The resulting product drives, well, just as you’d expect: like a new Defender with substantially more power. Remember, that supercharged V8 is the same one found in the likes of the Jaguar F-Pace SVR and F-Type, an engine which not only makes more than 500 horsepower with ease (518, in this case) but also makes the most delightful noises from its engine and exhaust. Every one of those ponies feels as though they’ve come to play — floor the gas, and the soft-sprung SUV rears back like a Chris-Craft on plane as it shoots towards the horizon, ripping from 0 to 60 in comfortably less than five seconds and leaving you laughing like a kid flying down a hill on your first bike. And while the blown 5.0 is hardly a model of fuel efficiency, the Defender V8 did achieve 17 mpg over 100 miles of mixed driving — not far off from what I’ve seen in the six-cylinder model.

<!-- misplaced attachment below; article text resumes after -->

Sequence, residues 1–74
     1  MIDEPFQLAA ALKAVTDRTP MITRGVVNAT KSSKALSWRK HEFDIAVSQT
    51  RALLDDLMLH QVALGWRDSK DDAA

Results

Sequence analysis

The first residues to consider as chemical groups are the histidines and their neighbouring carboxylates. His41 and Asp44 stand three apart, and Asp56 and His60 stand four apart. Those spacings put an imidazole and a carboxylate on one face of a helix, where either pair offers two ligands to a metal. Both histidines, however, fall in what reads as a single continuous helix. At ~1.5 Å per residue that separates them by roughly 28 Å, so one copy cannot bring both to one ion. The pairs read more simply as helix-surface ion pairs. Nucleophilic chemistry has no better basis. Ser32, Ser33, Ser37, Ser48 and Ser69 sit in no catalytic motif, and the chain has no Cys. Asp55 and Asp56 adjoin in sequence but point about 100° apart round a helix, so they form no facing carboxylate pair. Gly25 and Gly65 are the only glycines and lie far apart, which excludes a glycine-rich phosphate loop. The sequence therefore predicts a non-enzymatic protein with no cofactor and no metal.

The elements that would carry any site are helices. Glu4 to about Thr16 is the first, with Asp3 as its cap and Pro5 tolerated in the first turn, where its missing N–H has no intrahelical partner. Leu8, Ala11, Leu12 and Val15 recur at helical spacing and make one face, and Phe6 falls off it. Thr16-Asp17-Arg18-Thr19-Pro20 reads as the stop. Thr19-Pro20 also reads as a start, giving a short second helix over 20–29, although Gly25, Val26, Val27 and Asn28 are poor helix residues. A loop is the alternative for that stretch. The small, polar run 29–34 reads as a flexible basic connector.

Going V8 also brings a few distinct design touches, if you go for the Carpathian Edition I tested. Blacked-out trim adds some menace to a design that, quite frankly, can seem a little cute and cartoon-ish in select colorways. The microsuede-wrapped steering wheel feels great to the touch, better than most such alcantara-clad rims; likewise, the seats are partially coated in the same material, which feels great against the skin and allows ample airflow from the ventilated seats to reach your ass.
If there’s an issue, it’s price. Much as with the Wrangler, adding a V8 to this off-road icon jacks up the price to eyebrow-elevating levels; while the regular Defender 110 starts at $54,975, the V8 version will cost you a minimum of $112,775 — more than twice as much. Personally, though, I’d probably take this over, say, any sort of Range Rover you could buy for similar money. It may be less luxurious, but it’s equally comfortable, equally capable (if not even more so) and almost certainly quicker — all with less pretension. —Will Sabel Courtney